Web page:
The documents presented on the Internet imply that the activities of the General Staff of the Army of Bosnia-Hercegovina boiled down to the statements of Rasid Zorlak, Rifet Bilajic, and Zicro Suljevic, who with selam and calls on faith in God and expectations of assistance form Islamic countries tried to calm down worried officered in the field. Would you care to comment?
It could be that the General Staff placed them in charge of Zepa. But definitely not of Srebrenica, since we had here a command outpost which was working properly. I must say that president Izetbegovic on several occasions in that period called me personally to inquire about the situation in Srebrenica, need for assistance, but I do not know anything about the activities of the officers you've just mentioned.
The documents I have been mentioning are presented on the web-site of the Serbian Unity Congress, an organization of the Chetnik emigrants in the West. In your opinion, how could have these documents ended up on the Internet. And what would be the goal of repeated drawing of attention to the fall of the enclave and the circumstances in connection with the fall?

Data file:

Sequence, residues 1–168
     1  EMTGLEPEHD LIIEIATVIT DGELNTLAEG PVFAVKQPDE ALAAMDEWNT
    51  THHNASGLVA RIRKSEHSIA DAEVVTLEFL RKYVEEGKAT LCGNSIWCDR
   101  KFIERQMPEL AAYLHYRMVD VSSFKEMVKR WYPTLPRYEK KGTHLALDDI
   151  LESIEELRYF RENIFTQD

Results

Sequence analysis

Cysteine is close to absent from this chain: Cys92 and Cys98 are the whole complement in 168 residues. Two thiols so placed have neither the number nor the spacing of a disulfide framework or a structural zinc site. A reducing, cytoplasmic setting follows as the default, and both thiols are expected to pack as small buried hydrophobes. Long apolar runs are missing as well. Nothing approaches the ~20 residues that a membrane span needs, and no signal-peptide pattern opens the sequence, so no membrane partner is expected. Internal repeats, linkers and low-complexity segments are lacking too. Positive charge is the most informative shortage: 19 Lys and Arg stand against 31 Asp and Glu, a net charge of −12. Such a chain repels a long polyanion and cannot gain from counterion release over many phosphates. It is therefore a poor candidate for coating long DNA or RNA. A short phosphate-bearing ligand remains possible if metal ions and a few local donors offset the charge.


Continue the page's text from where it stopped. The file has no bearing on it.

I do not know if that can be explained in several sentences, but essentially, the goal is already known. We must not allow that that be forgotten and therefore it does not hurt to always work, investigate and write about that. This topic will burden the generations that lived through this war until their death. Probably, this is another attempt to exonerate the criminals and somewhat reduce the responsibility of the International Community for this crime. Even the UN Secretary General has said that Srebrenica is the biggest mistake of the International Community since WWII.
By chance, Dutch Minister Jan Pronk was in Tuzla at the time of the fall of Srebrenica. Later he traveled to Sarajevo. In his interview to Dani, he stated, about ten days before the fall of Zepa, that Zepa would be the last enclave to fall. Does that mean that the International factors had already known what was about to happen?
I have opened the archives of the Corps. The court in the Hague has also shown interest in that. Their [Dutch] defense is that one of our soldiers in Srebrenica killed a Dutch soldier and that consequently they turned against the Army of Bosnia-Hercegovina. Another their defense is that the Serb soldiers, as they state in their reports, were a true army while on our side there was no military organization; they, because they were guests, were taking them to pubs, did what they did etc.
Will the General Staff of the Second Corps and the Joint Chiefs of Staff initiate the question of responsibility of our officers for the fall of these two enclaves?